Annals of African Medicine
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ORIGINAL ARTICLE
Year : 2022  |  Volume : 21  |  Issue : 4  |  Page : 383-389

A study of rhino-orbito-cerebral mucormycosis with COVID-19: A new challenge in North West of Rajasthan


1 Department of Medicine, S P Medical College, Bikaner, Rajasthan, India
2 Department of Emergency Medicine, S P Medical College, Bikaner, Rajasthan, India

Correspondence Address:
Harish Kumar
B-3 Shastri Nagar, Bikaner - 334 001, Rajasthan
India
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Source of Support: None, Conflict of Interest: None


DOI: 10.4103/aam.aam_129_21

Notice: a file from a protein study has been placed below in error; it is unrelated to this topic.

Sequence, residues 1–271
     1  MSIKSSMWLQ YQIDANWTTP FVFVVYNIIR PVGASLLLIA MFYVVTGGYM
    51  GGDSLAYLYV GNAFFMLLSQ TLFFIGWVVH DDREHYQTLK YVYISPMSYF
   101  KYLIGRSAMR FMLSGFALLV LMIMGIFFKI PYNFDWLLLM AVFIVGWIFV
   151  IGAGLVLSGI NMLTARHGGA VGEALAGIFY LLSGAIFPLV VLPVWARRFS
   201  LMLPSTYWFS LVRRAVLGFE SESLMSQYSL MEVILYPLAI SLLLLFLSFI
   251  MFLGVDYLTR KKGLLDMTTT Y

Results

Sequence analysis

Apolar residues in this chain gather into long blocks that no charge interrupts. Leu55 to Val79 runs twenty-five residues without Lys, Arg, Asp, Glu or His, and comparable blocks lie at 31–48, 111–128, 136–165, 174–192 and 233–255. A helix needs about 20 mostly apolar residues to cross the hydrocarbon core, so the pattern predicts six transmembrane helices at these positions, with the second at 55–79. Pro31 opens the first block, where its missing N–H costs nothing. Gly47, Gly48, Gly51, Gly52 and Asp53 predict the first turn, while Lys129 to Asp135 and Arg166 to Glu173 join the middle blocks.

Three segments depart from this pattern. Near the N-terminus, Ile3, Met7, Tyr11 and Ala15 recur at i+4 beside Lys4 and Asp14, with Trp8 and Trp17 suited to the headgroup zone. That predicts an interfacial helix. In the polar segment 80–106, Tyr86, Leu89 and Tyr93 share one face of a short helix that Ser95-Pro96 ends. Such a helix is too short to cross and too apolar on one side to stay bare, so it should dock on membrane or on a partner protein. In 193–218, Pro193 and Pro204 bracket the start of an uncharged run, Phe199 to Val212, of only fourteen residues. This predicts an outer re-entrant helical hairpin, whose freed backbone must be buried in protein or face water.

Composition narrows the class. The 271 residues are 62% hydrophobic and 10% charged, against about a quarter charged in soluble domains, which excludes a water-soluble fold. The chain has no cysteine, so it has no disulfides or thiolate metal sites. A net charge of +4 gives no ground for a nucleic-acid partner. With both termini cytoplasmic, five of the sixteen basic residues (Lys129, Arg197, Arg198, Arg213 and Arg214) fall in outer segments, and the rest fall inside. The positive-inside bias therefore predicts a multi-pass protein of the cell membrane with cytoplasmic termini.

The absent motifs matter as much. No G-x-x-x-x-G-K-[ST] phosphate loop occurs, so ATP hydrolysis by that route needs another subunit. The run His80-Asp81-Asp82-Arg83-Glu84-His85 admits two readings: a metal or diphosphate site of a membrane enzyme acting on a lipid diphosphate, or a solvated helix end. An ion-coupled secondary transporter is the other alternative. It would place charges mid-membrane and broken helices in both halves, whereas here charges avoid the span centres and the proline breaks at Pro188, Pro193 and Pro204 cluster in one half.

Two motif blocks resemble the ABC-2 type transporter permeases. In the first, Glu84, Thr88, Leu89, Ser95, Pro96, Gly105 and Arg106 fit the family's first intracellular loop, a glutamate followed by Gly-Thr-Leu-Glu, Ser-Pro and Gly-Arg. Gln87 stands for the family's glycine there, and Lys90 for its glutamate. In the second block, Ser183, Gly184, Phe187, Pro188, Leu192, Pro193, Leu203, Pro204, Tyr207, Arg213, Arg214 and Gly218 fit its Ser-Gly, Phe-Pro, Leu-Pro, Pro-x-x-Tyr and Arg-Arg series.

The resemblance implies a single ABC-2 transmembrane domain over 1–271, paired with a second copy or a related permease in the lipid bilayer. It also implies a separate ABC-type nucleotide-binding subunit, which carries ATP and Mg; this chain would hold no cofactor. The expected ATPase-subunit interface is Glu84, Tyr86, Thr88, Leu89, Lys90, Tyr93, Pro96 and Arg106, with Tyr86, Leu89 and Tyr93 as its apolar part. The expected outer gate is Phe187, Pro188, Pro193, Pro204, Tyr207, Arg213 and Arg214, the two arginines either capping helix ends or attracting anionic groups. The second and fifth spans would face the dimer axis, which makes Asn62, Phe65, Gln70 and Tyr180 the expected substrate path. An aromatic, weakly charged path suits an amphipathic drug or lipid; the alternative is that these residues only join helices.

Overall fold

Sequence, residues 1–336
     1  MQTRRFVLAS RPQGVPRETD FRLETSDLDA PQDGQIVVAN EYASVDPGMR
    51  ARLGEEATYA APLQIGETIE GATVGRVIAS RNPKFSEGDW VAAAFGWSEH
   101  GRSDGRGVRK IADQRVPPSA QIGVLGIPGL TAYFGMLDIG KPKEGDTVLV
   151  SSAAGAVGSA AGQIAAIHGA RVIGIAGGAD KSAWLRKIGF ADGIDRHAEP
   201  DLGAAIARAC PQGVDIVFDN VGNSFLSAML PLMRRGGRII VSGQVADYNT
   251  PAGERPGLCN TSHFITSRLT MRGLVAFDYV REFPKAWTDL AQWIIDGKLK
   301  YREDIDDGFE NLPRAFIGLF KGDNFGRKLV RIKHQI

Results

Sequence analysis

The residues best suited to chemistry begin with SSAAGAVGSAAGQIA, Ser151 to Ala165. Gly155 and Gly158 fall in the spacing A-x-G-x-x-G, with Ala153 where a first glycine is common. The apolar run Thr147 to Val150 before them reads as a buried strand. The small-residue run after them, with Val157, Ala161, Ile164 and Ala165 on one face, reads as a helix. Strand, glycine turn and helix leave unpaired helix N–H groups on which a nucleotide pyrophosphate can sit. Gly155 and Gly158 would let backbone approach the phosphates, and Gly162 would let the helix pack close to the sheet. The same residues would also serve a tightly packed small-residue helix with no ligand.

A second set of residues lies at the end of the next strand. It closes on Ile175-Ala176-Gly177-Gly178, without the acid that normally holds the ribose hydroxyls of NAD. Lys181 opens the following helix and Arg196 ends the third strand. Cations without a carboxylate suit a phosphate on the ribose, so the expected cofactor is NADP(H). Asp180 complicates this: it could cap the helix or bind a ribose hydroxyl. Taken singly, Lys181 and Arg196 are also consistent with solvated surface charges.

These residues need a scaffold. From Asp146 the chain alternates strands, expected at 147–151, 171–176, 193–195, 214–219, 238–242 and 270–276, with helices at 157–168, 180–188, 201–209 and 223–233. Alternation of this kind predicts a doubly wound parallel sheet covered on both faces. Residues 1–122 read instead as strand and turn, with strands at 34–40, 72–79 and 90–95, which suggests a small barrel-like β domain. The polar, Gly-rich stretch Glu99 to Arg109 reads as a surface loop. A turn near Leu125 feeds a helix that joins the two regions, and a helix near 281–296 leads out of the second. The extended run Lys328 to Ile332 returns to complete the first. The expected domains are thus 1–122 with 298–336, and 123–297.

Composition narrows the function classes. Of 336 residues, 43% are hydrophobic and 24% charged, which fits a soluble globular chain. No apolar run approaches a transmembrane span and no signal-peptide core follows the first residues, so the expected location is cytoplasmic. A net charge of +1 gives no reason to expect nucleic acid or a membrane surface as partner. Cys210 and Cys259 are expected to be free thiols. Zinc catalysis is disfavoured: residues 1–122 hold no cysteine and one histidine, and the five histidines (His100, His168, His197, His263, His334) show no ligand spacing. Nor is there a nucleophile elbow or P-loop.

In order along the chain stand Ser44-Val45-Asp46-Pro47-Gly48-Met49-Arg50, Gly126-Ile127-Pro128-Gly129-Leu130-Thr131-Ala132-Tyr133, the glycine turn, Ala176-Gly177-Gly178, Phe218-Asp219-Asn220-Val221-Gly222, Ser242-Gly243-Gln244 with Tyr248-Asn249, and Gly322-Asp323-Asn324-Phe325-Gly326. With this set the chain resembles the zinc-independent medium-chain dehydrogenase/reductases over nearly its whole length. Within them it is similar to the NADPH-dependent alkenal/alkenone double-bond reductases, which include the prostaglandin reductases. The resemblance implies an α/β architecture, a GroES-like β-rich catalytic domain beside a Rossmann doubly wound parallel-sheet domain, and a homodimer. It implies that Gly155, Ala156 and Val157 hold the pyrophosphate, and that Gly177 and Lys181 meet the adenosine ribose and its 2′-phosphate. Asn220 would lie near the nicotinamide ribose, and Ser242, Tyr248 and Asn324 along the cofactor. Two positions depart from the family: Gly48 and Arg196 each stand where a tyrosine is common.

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Background: Mucormycosis is a life-threatening fungal disease in immunocompromised patients. There has been increase in the number of mucormycosis associated with COVID-19 patients in second wave. Now country battle with both COVID-19 and mucormycosis. An invasive mucormycosis infection has been a significant burden in India after COVID-19. It has been recently emerged a notifiable disease by the Rajasthan government. Our aim is to develop awareness regarding the importance of early detection and treatment of mucormycosis with COVID-19 and reduce the morbidity and mortality. Materials and Methods: This is a Prospective longitudinal study including 34 patients diagnosed with acute invasive fungal infection by contrast enhancement magnetic resonance imaging studies of paranasal, orbit and brain or nasal biopsy for KOH/culture. Diagnosis is made through routine blood tests, biopsy, and radiological imaging. The patients taken for the study were COVID-19 reverse transcription-polymerase chain reaction positive or recent post COVID-19 (within 15 days) or symptoms of COVID-19 with bilateral pneumonitis. The study was conducted with 34 patients admitted to the department of medicine with mucormycosis within a month may 2021. Results: A total of 34 patients with a mean age of 50.92 years old and male female ratio 24/10 (70.5/29.41) were included in this study. The most common comorbidity was diabetes mellitus (23 patients 67.64%). Nine patients were newly diagnosed or recent onset of diabetes with or after COVID-19 infection. Twenty-four (70.58%) patients were COVID-19 positive or recent (within 15 days) history of COVID-19 positive. Seven (20.58) patients had the history of steroid as a treatment during COVID-19 and 5 (14.70) patients was on oxygen inhalation. One (2.94%) patient was fully vaccinated, and 5 (14.70) patients had the history of steam inhalation. The most common involvement was naso-orbital mucormycosis found in 28 patients (82.35%) followed by nasal-and orbital 26 (76.47) and 18 (52.94), respectively. Naso-Orbito-Cerebral was seen in 16 (47.05) patients. The more common reported symptoms and signs were headache (76.47), facial numbness (64.70), Nasal discharge (52.94), and ophthalmoplegia (52.94). Cranial nerve involvement was seen in 10 patients (facial palsy in 8 patients and bulbar palsy in 2 patients). Total mortality was 7 (7/34 20.58%). Conclusion: COVID-19 infection associated with the wide range of invasive mucormycosis. Early diagnosis and Clinical suspicion of acute invasive fungal sinusitis among COVID-19 patients is essential for better outcomes and higher survival.


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